There’s no getting away from it. On every main television channel, in every newspaper ad, in every magazine we are bombarded with images of families gathered around more fancy sugar-coated, syrup-centred, glazed and creamy desserts than could feed a small village and turkeys the size of bear cubs. Beaming faces in paper hats, office parties, homely Christmas Eve scenes with excited children and card shops that now allow you to send and receive festive cards on behalf of the dog (no, really). Christmas is a time for gifts, food and families and it is all too easy to get pulled along by it all without thinking about what Christmas might mean for those who haven’t got these things.


It’s A Wonderful Life: but not for everyone this Christmas

Of course, this is not to say you shouldn’t enjoy the festive period. Of course you should. But if there’s one gift you could give this year that would be valued more than any overpriced olive-scented, all-glittering, anti-ageing bath set, it’s one that will not leave your bank card screaming for mercy. I’m not even saying you necessarily have to fork out £40 to buy a goat for an African village on behalf of someone else.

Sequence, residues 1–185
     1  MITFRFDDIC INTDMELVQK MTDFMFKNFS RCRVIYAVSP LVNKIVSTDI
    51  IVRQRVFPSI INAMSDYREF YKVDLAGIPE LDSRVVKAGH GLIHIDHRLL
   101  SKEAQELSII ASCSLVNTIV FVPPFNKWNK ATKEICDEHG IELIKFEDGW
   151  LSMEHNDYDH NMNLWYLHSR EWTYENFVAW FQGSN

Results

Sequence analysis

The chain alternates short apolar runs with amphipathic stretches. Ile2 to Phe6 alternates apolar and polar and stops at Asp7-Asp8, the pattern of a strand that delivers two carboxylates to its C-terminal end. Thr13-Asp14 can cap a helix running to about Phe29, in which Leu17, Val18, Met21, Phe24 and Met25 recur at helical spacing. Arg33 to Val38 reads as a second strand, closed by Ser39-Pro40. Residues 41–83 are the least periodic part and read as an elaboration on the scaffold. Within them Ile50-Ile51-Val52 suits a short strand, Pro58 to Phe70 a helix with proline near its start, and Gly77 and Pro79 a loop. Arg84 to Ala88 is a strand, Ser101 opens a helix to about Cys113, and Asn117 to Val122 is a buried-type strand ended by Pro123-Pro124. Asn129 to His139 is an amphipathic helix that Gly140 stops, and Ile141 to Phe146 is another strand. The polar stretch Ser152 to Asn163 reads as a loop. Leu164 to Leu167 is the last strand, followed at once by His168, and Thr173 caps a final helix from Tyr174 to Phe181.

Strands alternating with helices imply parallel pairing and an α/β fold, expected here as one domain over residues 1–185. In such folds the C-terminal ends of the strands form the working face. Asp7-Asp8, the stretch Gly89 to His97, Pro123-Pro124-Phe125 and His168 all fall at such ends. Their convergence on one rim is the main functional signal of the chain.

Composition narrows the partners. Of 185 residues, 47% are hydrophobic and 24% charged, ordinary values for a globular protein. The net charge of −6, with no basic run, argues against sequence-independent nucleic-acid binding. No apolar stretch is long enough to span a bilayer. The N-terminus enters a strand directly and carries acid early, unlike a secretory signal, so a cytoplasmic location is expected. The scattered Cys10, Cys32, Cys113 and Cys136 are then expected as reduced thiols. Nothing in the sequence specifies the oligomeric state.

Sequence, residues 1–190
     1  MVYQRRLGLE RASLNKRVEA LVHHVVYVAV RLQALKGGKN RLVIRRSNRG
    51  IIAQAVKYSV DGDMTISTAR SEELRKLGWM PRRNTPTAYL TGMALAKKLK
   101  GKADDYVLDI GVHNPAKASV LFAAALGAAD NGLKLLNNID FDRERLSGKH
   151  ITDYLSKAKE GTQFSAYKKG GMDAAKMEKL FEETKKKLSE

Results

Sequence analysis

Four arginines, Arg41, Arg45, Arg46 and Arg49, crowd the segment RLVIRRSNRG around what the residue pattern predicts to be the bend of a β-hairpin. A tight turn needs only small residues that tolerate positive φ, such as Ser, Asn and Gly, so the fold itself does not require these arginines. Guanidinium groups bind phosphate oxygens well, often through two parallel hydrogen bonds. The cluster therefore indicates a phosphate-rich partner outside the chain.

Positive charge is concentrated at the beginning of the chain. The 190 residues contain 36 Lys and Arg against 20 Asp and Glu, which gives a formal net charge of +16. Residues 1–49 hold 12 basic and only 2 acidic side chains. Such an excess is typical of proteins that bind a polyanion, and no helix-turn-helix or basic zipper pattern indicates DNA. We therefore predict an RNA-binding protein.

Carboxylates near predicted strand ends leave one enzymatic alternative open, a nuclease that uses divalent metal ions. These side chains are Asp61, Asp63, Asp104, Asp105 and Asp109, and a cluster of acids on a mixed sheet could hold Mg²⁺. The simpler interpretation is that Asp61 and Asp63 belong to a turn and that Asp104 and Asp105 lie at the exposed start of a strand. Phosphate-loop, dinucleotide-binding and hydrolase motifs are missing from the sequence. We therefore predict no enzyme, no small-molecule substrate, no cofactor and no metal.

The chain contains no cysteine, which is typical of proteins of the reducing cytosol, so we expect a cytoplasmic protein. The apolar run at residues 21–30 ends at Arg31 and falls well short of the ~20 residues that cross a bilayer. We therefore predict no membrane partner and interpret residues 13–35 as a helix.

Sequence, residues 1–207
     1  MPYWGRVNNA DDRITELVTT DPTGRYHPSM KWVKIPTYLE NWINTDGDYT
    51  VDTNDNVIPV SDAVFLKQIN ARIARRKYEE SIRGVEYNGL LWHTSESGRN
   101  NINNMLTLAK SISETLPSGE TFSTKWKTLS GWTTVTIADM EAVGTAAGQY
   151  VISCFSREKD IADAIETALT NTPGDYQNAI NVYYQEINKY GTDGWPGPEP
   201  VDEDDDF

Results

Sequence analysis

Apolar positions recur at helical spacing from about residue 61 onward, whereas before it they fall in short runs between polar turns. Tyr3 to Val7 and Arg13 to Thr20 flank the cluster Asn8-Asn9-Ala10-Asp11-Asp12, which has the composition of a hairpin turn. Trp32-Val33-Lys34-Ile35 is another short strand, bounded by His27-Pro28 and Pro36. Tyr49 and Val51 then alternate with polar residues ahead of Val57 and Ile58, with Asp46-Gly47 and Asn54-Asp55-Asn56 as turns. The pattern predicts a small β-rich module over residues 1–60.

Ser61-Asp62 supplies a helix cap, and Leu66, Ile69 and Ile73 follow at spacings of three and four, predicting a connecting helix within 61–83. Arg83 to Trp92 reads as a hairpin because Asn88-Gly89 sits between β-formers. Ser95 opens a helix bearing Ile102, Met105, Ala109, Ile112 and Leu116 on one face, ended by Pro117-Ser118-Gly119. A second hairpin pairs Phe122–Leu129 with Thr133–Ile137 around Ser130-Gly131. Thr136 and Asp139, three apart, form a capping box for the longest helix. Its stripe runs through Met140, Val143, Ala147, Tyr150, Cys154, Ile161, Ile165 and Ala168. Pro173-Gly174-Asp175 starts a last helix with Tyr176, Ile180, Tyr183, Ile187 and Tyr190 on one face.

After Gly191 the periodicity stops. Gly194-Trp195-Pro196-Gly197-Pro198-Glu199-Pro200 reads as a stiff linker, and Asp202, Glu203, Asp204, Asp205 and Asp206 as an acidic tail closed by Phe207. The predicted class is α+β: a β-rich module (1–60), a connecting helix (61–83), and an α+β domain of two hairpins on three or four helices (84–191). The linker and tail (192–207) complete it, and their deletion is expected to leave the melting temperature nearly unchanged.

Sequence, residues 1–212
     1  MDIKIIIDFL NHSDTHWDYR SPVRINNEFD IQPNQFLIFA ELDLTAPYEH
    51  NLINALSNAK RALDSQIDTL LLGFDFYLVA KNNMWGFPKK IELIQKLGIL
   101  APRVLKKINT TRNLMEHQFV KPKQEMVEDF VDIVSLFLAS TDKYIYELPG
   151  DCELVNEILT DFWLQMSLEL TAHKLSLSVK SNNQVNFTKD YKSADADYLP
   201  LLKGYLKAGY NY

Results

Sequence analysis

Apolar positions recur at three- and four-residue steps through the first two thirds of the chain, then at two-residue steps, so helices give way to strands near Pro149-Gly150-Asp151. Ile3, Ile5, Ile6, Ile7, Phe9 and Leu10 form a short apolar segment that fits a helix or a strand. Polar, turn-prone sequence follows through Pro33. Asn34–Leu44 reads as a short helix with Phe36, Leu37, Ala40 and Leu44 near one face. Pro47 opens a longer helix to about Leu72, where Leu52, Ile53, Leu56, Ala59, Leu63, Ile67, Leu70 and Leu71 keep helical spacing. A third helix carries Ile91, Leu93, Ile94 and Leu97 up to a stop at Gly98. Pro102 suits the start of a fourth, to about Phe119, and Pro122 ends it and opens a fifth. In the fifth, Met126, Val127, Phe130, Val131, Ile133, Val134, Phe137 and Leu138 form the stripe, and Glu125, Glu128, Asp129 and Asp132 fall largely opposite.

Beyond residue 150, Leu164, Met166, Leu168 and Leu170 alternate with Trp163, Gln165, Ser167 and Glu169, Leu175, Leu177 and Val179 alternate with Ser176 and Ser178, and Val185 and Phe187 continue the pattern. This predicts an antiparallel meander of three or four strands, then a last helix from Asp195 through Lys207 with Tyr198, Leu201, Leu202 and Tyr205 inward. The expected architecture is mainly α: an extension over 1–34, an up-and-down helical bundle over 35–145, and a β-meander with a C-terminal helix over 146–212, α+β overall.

Instead, you can give the gift of your time.

I worked for many years in a small supermarket in a close-knit community to support my undergraduate studies and during that time, I became well-acquainted with the locals and loved working during the Christmas season. I loved the atmosphere and I enjoyed chatting to people about their plans for the holidays.

But I also discovered that for some, Christmas was a time of great loneliness and isolation. A number of the elderly members of the community told me that they couldn’t wait for Christmas to be over as often their partners had deceased and they had no other relatives around; for them, Christmas was just another day spent alone, only the isolation was more painfully acute. Some came into the store several times a day as the checkout assistants as they would be the only people they would have the chance to speak to all day. Some would buy a microwave meal-for-one to eat alone on Christmas Day as they asked, “Well what’s the point in me buying a turkey and having a dinner? I have no one to share it with. It’s too much food for one person.” Then there were those who were carers. Caring is not only demanding, exhausting and a round-the-clock job, but friends can become distanced and so often a carer can find themselves overwhelmed with no one to talk to.